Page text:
John M. Yates, Mary J. Yates (her mark), J.H. Yates, Annie Yates, Isaac O. Yates, E.J. Yates, B. H. Yates, W.M. Yates, S.V. Yates, Suffrona Holland (her mark), Nancy Holland (her mark), C.R. Yates, R.P. Nall, Jas. W. Nall, Witnessed by: A. Myatt (Notary), E. Y. Andrews, A.C. Donagan, Aadoline Donagan.
The original house, which James built in the 1820's, was still standing in the 1970's. The Family Graveyard is located south of the house, and was kept up by Aunt Ola Kimbro's son, Carl. James, his wives and younger children, and Charles Riley (C.R.) Yates, are buried there. Isom and Dicey were buried in a graveyard just past the family plots, and their grandson Sherman had just died , when I started to do the family geneology in 1969. Gail Yates.
Known to family members as 'Aunt France', she was crippled and sat in a rocking chair which had been equipped with casters for her to move around.
Nancy Ann Frances Jones Yates was said to have strongly favored Aunt France.
At Chillicothe, Missouri, Uncle Britt mustered out of the 4th Provisional Regiment, Missouri Militia, he had entered during the Civil War as a drummer, or musician . He was going home to Kentucky, after he mustered out. After walking all day in the hot sun, and missing the ferry, he decided that the Mississippi River was low enough for him to swim across. After walking upriver for a short distance, he ducked behind some bushes, stripped off his clothes, tied them in a bundle, placed them on his head, and then swam across the Mississippi River just above Memphis, Tennessee. He then put his clothes back on and walked home to Pilot Oak, Kentucky, or to his brother James Henry Yates' house.
Uncle Britt owned a cabinet shop at Pilot Oak, KY, for several years, and made quilt boxes of walnut boards, and those were held together with wooden pegs.
He was a dead shot, since he hit anything he aimed at to shoot. Uncle Aubrey Luther held Uncle Britt as a hero. My father said Uncle Britt could jump in the air, click his heels three times, and take off at a run, and that was when he was in either his 60's or 70's. He said all of the young people were soft . Uncle Britt moved to Poplar Bluff, Missouri, from Kentucky, and lived there until his death.
Marriage records of Dickson County Tennessee show he married Daminty Pistol. I have not been able to find other records to verify who S.V. was.
When Jethro was about 12 years old, he hired out to work for an older couple that did not have any children. Their farm was located either around Newport or Jonesboro, Tennessee. He was to be paid one dollar per month, in addition to his room and board. At the end of that year, he had done such a fine job for them, that they paid him an extra dollar, making a total of thirteen dollars for the year of work. Now for the year of 1795, that was good payment, but it was also the only year that the State of Franklin was in existence. That thirteen dollars was in paper money, and it belonged to the Bank of the State of Franklin. Jethro carried that money with him the rest of his life, and he would state that it was one of the most valuable lessons that he ever learned. Jethro moved to Dickson County Tennessee in about 1836, and worked with a man names Spencer in a gunpowder mill located on Nails Creek, just off of Highway 46 in Dickson. Jethro smoked a corncob pipe, and it is believed that since the bowl would flip around as he was smoking the burning tobacco fell out and set off an explosion that killed him in October 1851. Jethro was uneducated, since he could not write; however, his prior planning of transferring land and slaves to his children was recorded on 23 March 1846.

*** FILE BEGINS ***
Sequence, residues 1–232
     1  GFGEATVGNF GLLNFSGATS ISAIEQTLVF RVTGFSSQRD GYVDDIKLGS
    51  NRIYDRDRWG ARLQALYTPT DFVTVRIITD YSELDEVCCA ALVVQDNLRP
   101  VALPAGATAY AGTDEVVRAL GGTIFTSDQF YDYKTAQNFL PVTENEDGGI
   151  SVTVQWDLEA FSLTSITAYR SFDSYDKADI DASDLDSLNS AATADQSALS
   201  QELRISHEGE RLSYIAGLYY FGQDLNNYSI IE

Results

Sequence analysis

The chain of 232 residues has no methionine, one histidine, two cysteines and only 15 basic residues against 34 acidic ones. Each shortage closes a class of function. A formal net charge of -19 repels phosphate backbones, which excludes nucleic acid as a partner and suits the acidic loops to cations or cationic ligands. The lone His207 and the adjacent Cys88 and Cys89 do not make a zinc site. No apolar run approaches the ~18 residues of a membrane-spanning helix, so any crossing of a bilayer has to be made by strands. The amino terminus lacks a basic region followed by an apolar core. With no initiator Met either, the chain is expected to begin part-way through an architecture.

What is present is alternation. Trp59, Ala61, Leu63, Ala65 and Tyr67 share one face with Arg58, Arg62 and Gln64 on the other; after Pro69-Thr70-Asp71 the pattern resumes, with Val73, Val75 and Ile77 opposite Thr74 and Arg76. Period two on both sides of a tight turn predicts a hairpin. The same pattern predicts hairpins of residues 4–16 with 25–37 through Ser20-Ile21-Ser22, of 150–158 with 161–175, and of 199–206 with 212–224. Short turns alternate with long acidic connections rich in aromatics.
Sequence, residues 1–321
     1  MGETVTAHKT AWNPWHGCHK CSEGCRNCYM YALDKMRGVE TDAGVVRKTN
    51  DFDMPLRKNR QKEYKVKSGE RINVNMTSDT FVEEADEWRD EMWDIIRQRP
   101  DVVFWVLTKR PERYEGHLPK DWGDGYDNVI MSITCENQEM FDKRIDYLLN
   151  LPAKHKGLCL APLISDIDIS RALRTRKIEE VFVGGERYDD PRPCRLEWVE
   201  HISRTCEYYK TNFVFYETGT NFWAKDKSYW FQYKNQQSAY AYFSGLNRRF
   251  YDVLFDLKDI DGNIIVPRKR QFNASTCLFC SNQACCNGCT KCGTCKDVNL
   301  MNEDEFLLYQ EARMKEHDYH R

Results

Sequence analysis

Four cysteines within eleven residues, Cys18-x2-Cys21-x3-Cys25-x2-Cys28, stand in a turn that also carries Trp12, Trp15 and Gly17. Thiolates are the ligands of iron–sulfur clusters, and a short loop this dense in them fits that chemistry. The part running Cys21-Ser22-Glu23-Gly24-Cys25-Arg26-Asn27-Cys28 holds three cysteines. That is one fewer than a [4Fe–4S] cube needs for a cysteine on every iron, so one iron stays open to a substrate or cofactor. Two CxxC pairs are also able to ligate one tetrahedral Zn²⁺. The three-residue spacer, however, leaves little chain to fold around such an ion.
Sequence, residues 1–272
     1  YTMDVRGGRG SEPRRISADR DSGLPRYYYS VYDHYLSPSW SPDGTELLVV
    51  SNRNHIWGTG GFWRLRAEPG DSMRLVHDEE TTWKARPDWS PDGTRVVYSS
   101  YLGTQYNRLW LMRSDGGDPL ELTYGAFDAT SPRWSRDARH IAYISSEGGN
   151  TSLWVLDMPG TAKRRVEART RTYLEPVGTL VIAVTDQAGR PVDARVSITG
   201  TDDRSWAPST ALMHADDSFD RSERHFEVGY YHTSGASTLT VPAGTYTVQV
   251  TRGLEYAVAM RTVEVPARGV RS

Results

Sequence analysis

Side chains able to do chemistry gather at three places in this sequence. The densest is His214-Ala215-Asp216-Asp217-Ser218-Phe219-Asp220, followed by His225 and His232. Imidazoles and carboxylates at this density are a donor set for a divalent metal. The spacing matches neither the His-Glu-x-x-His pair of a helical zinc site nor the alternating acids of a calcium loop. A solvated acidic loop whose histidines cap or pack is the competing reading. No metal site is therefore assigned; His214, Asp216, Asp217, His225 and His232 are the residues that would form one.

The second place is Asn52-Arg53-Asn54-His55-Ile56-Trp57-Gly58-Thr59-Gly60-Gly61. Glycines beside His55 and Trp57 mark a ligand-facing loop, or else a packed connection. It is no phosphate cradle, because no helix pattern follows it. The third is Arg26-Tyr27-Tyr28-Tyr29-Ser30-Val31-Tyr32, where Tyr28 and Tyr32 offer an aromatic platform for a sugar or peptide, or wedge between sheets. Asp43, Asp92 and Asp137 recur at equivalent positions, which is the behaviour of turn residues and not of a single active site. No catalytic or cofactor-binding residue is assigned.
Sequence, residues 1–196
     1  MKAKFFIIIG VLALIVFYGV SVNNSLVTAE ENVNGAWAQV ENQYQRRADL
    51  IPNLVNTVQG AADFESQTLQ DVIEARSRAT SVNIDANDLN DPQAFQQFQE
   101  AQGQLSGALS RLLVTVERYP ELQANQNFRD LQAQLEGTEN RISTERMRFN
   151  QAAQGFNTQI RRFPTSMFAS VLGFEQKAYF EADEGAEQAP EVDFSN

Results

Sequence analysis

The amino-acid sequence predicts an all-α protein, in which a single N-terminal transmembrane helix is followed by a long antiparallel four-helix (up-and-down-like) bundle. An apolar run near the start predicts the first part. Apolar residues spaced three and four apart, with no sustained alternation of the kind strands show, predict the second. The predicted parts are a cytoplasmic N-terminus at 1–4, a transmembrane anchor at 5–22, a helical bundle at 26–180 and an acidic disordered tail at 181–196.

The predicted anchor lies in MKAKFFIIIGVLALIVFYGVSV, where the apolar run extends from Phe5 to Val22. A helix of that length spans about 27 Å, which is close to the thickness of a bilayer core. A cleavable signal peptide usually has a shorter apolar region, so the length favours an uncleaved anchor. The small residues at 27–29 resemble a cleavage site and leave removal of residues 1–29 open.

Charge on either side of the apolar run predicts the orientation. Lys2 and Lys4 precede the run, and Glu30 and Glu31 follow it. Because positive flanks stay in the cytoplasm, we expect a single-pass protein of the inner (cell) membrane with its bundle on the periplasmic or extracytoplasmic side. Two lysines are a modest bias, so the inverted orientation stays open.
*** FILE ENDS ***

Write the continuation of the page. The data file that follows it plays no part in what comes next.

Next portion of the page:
"For the love and affection I entertain for Rosey McGhee my daughter, I do hereby give, transfer, and convey to her a negro girl by the name of Dicey, in the County of Dickson, Tennessee, District No 2, to have and to hold the same to the said Rosey McGhee, her heirs, and assigns forever. I covenant and agree for myself and heirs to warrant and defend the title to the said Negro Girl to the said Rosey McGhee, her heirs and assigns against the lawful claims of all persons, whtsoever, this 25th day of March 1846. Jethro (X) Yates (his mark). Witnessed by James and William Thedford.
"For the love and affection I entertain for Fanning Yates, my son, I do hereby give and transfer and convey to him a Negro Girl, by the name of Gilley, in the County of Dickson, Tennessee, District No 2, to have and to hold the same to the said Fanning Yates, his heirs and assigns forever. I do covenant and agree for myself and heirs to Warrant and defend the title to the said Negro Girl
to the said Fanning Yates, his heirs and assigns against the lawul claims of all persons whatever, this 25th day of March 1846. Jethro (X) Yates (his mark)
Witnessed by James and William Thedford.
"For the love and affection I entertain for James Yates, my son, I do hereby give, transfer, and convey to him two Negroes, one named Isum, the other named Martha, in the County of Dickson, Tennessee, District No 2, to have and to hold the same to the same James Yates, his heirs and assigns forever. I
covenant and agree for myself and heirs to warrant and defend the title to the said negro to the said James Yates his heirs and assigns, against the lawful claims of all persons whatever, this 25th day of March 1846. Jethro (X) Yates
(his mark), Witnessed by James and William Thedford.
"For the love and affection I entertain for my son John Yates, I do hereby give and transfer and convey to him a certain part of my tract of land in Dickson County Tennessee, District No. 2, containing by estimation one hundred acres and bounded as follows, to wit: Beginning at a stake in the East boundary line of John T. Cliftons old tract of land, runs South with said Cliftons line 61 3/4 poles passing an Elm, the South West Corner of a fifty acre tract deeded to Wiley Myatt by Kendrick Myatt, thence with a marked line south, supposed to be 50 poles to a Red Oak, thence East 34 poles to a Black Walnut,thence North one pole to a hickory, thence East one hundred and forty five poles and 3/4 to a White Oak, thence North supposed to be one hundred and fifteen poles to a Black Walnut, Thence West one hundred 30 1/2 poles to the Beginning, to have and to hold the same to the said John Yates, his heirs and assigns forever, I covenant and agree for myself and heirs to warrant and forever defend the title to the said tract of land to the said John Yates, his heirs and assigns against the lawful claims of all persons whatever, this the 15th day of June 1846. JETHRO(his mark) YATES